On 11 July 2018, the All Party Parliamentary Group (“APPG”) on Fair Business Banking published its long awaited report entitled “Fair Business Banking for All – How to improve access to justice for business in financial services disputes”.
In its report, the APPG highlight several, fundamental, problems that companies, particularly small to medium enterprises (“SMEs”), face when seeking to litigate or resolve disputes with banks and other financial institutions.
These problems include:
- The limitations of the overstretched Financial Ombudsman Service (the “FOS”), which does not apply common law principles, but rather a dispute resolution test of what is “fair and reasonable”, is only appropriate for claims up to a value of £150,000 and has narrow eligibility criteria.
- The cost of litigation, particularly in the Commercial Court, and the effect of this on a company’s cashflow and contingent risk-planning.
- The difficulty in obtaining litigation funding and after the event insurance for lower-value claims of between £1 million to £5 million.
- The length of commercial court disputes.
- The invariably aggressive and heavy-handed approach of banks to litigation.
- The current lack of any regulatory protection for commercial lending.
- The inability of companies to bring a direct, private-law, action against a bank or other institutions operating in a regulated selling environment for a breach of the Conduct of Business Rules (“COBS”) and that corresponding ability of banks under English Common Law to exclude or limit their liability against companies for breaches of the subject matter of those rules.
The central premise of the APPG’s report, which was endorsed in full by Lord Dyson, the Master of the Rolls, is that there is currently a gross inequality of arms between financial service providers and SMEs, which could and should be bridged by a new Financial Services Tribunal (“FST”) and relatively minor accompanying changes to the regulatory landscape.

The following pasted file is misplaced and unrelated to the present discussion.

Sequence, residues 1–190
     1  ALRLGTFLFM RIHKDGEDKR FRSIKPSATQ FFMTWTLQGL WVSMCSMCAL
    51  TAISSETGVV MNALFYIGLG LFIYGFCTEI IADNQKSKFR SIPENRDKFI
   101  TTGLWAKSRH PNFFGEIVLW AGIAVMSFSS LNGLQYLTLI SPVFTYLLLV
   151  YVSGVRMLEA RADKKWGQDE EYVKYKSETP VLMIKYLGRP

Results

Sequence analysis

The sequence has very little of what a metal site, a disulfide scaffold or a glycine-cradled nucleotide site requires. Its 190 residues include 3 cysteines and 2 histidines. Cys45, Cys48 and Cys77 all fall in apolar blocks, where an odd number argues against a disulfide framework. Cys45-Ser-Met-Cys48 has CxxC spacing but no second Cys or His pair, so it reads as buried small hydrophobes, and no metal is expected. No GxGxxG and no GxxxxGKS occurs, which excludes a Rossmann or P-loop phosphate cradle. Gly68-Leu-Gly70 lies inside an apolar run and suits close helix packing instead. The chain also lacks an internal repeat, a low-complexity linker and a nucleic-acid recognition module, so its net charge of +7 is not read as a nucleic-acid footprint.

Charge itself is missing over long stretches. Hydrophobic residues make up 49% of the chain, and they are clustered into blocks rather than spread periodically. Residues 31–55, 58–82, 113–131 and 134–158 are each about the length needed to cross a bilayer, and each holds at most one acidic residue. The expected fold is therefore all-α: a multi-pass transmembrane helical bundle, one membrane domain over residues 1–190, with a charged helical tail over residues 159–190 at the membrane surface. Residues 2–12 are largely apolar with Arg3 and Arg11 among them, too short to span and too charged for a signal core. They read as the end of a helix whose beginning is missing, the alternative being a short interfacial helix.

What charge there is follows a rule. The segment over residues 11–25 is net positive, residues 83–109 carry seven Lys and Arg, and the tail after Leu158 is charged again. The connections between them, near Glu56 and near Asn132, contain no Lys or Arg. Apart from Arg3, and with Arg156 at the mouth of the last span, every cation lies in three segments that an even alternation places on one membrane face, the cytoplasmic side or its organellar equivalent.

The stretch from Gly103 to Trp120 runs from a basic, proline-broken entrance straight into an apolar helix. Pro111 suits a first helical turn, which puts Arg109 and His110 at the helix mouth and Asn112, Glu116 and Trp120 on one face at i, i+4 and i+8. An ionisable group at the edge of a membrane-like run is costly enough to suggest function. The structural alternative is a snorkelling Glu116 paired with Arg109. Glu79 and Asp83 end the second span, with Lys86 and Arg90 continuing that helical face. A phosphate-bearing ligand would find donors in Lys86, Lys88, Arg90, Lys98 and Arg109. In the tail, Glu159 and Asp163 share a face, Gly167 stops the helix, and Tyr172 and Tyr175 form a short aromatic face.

Tribunals have a number of advantages over the regular court system.
- They are low cost: The default position is usually that costs do not follow the event in the sense of the loser being ordered to pay the winner’s costs and, effectively, “bet the company” in the absence of ATE insurance.
- They are speedy, typically reaching decisions within 6 months.
- They are partly inquisitorial, rather than adversarial, meaning that Tribunal judges can intervene to explore points and assist a lay claimant in getting to the truth.
- They are able to build up specialist knowledge and experience, through their focus and the industry experience of those that sit upon them.
- They have been proven (certainly in an employment context) to help to bring about a change of culture, which is desperately needed in the area of banking.
A FST could therefore open up an alternative, speedy and low-cost, form of justice to companies facing difficulties withbanks and other service providers and help to bridge the lacuna that undoubtedly exists at present between the FOS and the High Court.
The APPG’s report comes at an important time. The role and the ability of the FOS to handle complaints has been under the spotlight and has come under renewed scrutiny lately.
In January 2018, the FCA announced proposals to extend the remit of the FOS to allow more SMEs to refer disputes to it. Proposals include expanding the jurisdiction of the FOS to include unregulated activities such as commercial lending and widening the eligibility criteria to all businesses with fewer than 50 employees, an annual turnover of under £6.5m and an annual balance sheet of under £5m.
However, on 23 July 2018, Nicky Morgan MP of the Treasury Select Committee wrote to the FCA and expressed her concerns regarding the ability of the FOS to deal with an increase in its remit within the ambitious timeframe proposed by the FCA, which would see the changes taking effect by the end of this year. Ms Morgan’s comments were prompted by an independent report by Richard Lloyd, following a Channel 4 Dispatches investigation which raised serious concerns about the way in which complaints were being handled by the FOS.
Importantly, the FCA’s proposals do not go far enough to address the problems faced by SMEs or provide a suitable mechanism for redress against financial service providers, a view which has been endorsed by the APPG.
It is clear that a fundamental change to the culture and manner in which such disputes are handled is required and the creation of FST might well provide the long-awaited answer.
DS Law fully support this initiative and were proud to be consulted by the APPG prior to the release of its report.
This article is for information purposes only and is not legal advice. No reliance may be placed upon it and the firm accepts no responsibility for the accuracy of its content.